Is consent needed to take photographs ior videos of students in schools? Simon White looks at this sensitive and contentious issue

There have been many instances reported in the press where schools haven’t allowed parents to take photographs or videos of their children in the school Nativity play. Usually, the dreaded Data Protection Act 1998 (the “Act”) is blamed because it strictly controls when ‘personal data’ (such as images and other data that identifies a living individual) may be ‘processed’ (processing includes the recording, holding and disclosure of personal data). In this article Simon White looks at why the Act is not to blame.

Does the Act apply to photographs or videos in schools?
It rarely applies to taking photographs or videos in schools and, where it does, the Information Commissioner’s Office (the ‘ICO’), which oversees enforcement of the Act, has advocated a common-sense application of it.

The Act notes, at Section 36, that ‘personal data processed by an individual only for the purposes of that individual’s personal, family or household affairs (including recreational purposes)’ are exempt from the Act. This would include photographs taken by family members of their children at school events.

Is there any guidance available on exactly when the Act does and does not apply?
There is. In its ‘Data Protection Good Practice Note’ on taking photographs in schools, the ICO has given some useful examples of scenarios where the Act will not apply:

  • ‘a parent takes a photograph of their child and some friends taking part in the school Sports Day to be put in the family photo album. These images are for personal use and the Data Protection Act does not apply‘; and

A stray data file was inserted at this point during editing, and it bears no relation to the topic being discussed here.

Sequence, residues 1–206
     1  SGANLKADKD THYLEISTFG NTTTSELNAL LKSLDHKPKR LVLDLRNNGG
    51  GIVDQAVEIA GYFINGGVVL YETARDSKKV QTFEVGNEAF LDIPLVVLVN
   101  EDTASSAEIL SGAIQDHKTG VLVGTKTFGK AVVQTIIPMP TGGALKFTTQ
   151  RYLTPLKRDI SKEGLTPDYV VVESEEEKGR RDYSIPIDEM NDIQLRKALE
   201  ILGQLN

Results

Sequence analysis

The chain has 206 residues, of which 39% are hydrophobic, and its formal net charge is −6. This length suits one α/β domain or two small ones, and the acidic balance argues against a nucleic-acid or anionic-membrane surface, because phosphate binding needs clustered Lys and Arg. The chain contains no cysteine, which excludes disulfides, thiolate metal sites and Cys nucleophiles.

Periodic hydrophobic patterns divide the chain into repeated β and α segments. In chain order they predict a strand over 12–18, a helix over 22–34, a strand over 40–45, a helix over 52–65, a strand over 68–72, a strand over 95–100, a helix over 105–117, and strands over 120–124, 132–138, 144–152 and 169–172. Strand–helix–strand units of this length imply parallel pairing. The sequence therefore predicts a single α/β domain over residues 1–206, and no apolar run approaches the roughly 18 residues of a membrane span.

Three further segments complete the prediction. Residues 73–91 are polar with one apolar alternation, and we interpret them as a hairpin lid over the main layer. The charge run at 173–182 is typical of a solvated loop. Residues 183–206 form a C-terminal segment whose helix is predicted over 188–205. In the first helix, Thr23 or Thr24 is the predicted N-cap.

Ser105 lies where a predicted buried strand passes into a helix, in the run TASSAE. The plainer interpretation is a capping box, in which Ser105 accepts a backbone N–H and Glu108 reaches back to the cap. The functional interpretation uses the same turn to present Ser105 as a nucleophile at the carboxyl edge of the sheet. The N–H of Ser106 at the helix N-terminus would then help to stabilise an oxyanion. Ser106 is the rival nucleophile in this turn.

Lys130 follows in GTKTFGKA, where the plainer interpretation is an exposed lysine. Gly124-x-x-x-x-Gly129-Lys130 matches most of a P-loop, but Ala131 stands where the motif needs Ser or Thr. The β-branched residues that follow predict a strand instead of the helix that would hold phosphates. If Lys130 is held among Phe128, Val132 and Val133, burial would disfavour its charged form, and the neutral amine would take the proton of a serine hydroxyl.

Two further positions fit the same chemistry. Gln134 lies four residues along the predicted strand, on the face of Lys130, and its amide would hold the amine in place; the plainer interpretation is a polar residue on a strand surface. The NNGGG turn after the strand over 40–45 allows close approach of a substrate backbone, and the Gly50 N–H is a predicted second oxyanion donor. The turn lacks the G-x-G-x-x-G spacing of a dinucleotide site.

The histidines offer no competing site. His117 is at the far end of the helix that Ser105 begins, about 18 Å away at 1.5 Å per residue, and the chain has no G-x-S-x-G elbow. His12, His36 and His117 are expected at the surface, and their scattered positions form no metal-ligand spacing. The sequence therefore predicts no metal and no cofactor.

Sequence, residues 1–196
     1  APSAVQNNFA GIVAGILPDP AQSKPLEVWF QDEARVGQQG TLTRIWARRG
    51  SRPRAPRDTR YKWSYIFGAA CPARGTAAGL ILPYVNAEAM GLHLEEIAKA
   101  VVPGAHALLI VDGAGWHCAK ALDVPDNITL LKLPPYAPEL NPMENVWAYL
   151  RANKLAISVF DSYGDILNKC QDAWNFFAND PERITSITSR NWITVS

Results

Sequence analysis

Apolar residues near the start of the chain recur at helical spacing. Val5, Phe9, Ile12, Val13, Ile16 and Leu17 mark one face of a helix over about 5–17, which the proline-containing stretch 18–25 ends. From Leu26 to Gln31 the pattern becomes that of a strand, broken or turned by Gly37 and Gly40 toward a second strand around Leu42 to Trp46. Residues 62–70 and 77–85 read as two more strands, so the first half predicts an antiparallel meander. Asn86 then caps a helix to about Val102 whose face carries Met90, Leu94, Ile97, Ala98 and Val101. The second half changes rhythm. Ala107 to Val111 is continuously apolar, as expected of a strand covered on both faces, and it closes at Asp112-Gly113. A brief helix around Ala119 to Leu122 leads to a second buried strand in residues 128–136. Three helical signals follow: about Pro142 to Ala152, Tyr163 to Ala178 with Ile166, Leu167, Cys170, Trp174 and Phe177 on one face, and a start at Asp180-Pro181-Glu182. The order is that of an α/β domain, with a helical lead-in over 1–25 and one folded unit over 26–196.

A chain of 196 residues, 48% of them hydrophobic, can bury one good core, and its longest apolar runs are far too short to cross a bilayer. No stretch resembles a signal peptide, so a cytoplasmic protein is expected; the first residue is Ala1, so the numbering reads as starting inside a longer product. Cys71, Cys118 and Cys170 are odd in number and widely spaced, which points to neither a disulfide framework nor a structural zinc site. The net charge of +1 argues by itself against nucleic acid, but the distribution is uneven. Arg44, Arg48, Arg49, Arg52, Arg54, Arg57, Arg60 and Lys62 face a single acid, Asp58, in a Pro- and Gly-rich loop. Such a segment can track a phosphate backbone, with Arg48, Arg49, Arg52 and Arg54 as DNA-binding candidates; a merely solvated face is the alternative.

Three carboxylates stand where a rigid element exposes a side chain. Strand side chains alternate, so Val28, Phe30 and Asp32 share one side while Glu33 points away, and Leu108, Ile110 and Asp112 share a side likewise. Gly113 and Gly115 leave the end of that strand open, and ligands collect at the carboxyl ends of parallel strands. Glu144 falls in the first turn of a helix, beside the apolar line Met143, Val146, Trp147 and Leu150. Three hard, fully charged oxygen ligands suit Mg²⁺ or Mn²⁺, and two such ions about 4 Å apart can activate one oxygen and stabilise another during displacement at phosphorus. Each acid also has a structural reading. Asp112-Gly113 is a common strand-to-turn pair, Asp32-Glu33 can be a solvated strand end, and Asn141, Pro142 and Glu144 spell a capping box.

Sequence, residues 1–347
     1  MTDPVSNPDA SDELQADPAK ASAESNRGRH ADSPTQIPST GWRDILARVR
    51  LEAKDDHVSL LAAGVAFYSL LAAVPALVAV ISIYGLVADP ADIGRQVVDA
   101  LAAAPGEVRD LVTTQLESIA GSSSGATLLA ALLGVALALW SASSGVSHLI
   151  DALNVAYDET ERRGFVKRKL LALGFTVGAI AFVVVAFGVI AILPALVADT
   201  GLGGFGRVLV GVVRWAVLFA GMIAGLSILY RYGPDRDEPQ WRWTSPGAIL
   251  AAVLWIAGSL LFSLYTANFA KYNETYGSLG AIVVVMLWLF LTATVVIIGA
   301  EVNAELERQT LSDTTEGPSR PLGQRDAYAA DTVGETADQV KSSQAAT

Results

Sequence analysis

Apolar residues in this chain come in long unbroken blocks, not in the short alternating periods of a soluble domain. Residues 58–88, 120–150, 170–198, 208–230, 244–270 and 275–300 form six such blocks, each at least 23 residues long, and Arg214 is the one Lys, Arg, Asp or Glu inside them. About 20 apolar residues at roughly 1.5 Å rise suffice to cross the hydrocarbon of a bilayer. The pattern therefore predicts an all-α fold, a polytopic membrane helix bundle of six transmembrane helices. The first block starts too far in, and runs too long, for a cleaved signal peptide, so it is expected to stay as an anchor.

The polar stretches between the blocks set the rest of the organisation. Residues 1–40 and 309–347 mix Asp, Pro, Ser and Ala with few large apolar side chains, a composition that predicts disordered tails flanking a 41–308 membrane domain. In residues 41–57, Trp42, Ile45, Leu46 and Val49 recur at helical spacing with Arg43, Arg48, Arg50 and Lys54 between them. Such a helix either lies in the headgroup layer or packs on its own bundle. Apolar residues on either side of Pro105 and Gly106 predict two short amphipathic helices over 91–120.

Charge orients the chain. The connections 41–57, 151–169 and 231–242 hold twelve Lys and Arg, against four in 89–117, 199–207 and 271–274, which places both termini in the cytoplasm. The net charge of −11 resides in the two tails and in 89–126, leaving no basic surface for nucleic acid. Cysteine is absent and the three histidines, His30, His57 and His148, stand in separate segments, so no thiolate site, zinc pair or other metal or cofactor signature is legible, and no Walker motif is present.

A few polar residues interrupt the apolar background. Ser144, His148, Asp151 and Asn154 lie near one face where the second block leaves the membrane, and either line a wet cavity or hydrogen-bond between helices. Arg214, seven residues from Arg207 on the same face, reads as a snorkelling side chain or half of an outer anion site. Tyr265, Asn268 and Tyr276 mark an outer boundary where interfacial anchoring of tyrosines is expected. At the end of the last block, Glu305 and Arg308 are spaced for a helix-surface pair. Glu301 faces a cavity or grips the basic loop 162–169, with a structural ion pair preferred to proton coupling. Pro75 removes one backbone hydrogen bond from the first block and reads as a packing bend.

• ‘grandparents are invited to the school nativity play and wish to video it. These images are for personal use and the Data Protection Act does not apply’.

There are, however, instances where the Act will apply and the school (or other organisation taking the photographs or film – such as the local newspaper) will need to comply with the Act. Examples are:

  • ‘A small group of pupils are photographed during a science lesson and the photo is to be used in the school prospectus. This will be personal data but will not breach the Act as long as the children and/or their guardians are aware this is happening and the context in which the photo will be used.’
  • ‘A photograph is taken by a local newspaper of a school awards ceremony. As long as the school has agreed to this, and the children and/or their guardians are aware that photographs of those attending the ceremony may appear in the newspaper, this will not breach the Act.’

Should we be obtaining consent?
In circumstances where the Act does apply, the key obligation of schools or the relevant third party is to ensure that consent from parents (or guardians) and pupils is obtained for that photography or filming. In its Good Practice Note, the ICO advocates a common sense approach to obtaining this consent:

‘…a common sense approach suggests that if the photographer asks for permission to take a photograph, this will usually be enough to ensure compliance… Photos taken for official school use may be covered by the Act and pupils and students should be advised why they are being taken…’

What about implied consent, where parents do not object to the photo or video?
If, after being notified by the school that a pupil will be photographed or filmed (stating the reason for the photographs or film), the pupil or parent does not notify the school that they object, you can assume implied consent. It follows of course then that if a pupil, parent or guardian does object, the school should not take photographs or films of the relevant pupil on that occasion.

More info

Simon White is a data protection and freedom of information law specialist at Browne Jacobson LLP

This e-bulletin issue was first published in May 2009

About the author: Simon White

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